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thedrifter
04-05-03, 06:47 PM
Gulf War I vets watch the current war in Iraq with a mix of guilt, relief and frustration

By Seth Mnookin
NEWSWEEK WEB EXCLUSIVE


April 5 — Patrolman Jose Soto humps the overnight beat in the Bronx. A stocky guy with a dusting of razor burn on his bald head, Soto is soft-spoken and deliberate. He calls men he’s just met “Sir.”

A COUPLE OF WEEKS AGO, he was on vacation in North Carolina. In the airport, Soto ran into a group of Marines fresh out of Camp Lejeune. “I was just hit with a chill, all these guys, 18 and 19,” Soto says, gently rocking from side to side in the hallway of the 52nd Precinct’s station house. “Just this sense of deja vu. That was me. I grabbed them, and we got in a little prayer circle, bowed our heads. And I just said I hope they all stay safe.”
As American and British forces push into Baghdad, the entire country is riding a roller coaster of real-time broadcasts from Iraq. Veterans of the first Persian Gulf War are watching the news with their own unique range of emotions. Some find themselves obsessively glued to cable news deep into the night. Others can’t watch and get physically ill at the sight of desert combat. Many feel guilty they’re not fighting this battle, guilty that they weren’t allowed to finish off Saddam Hussein a dozen years ago; many more worry that their counterparts this time around don’t have the manpower and might in place to do the job. Finally, a surprising number of vets are talking out publicly against this conflict, questioning both the war’s rationale and whether American troops are adequately prepared for chemical or biological attacks. The Missouri-based Gulf War Veterans Association, a group formed to publicize gulf war syndrome, is even taking a vocal stand opposing the current conflict.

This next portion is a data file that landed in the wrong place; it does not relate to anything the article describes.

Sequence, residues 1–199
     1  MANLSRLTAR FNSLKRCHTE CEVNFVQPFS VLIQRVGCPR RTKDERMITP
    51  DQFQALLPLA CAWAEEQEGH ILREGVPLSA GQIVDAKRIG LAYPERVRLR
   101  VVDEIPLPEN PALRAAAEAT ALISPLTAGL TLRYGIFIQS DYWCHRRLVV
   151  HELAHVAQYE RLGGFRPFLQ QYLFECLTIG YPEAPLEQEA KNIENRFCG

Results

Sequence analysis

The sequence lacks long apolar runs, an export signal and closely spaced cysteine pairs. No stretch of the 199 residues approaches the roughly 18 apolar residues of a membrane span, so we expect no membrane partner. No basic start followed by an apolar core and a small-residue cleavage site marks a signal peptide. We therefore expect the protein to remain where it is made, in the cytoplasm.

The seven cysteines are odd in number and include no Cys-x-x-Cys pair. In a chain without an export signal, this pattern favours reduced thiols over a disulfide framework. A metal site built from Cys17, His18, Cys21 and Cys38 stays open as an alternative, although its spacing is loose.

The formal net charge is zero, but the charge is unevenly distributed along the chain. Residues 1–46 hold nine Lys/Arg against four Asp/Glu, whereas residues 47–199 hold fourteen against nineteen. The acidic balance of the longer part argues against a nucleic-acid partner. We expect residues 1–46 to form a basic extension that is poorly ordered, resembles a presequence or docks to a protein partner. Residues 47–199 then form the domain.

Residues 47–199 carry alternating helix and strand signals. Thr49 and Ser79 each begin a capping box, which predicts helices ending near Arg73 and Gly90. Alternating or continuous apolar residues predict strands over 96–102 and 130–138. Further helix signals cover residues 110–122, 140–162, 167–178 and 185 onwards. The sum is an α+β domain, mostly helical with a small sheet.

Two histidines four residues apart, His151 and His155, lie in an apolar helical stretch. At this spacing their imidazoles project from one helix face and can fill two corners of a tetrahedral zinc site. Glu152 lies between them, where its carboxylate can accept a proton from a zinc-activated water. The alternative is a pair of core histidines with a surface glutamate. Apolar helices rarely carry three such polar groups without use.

In the Bronx, it’s coming up on midnight, and Soto, a veteran of the Army’s 82d Airborne Division, is talking with Eric Figueroa, a wiry and intense foil to Soto’s even demeanor. Figueroa’s also a cop in the Bronx, and he’s another 82d vet from the gulf war. “We’re finally back there,” Soto says, talking about Iraq. “And I think we should have been back there a lot earlier.”
“It’s definitely time we finished the job,” Figueroa says quickly. When the order to retreat came through, the 82d was about 150 miles south of Baghdad, among the most forward of allied troops. Figueroa and Soto, who were fighting alongside—and trading berets with—French soldiers, thought there was a chance they’d push on through to the Iraqi capital.



“It’s real hard to watch from the sidelines,” says Anthony Swofford, the author of the acclaimed gulf war memoir “Jarhead.” “Hell, if we’d gone on these poor guys wouldn’t be dying right now. We had a bigger force, and an already devastated opponent.”
At the American Legion Hall in Levittown, N.Y., Kurt Miller and Mike Kilbride, former Marines both, talk about why they weren’t allowed to topple Saddam. “The rules of engagement are always politically dictated,” Kilbride says, his eyes glued to the TV showing CNN behind the bar. “And our rules were we there to liberate Kuwait. Period,” Miller says. More to himself, Kilbride murmurs, “It sucks being on the sidelines,” he says, echoing Swofford and drinking from his Diet Coke.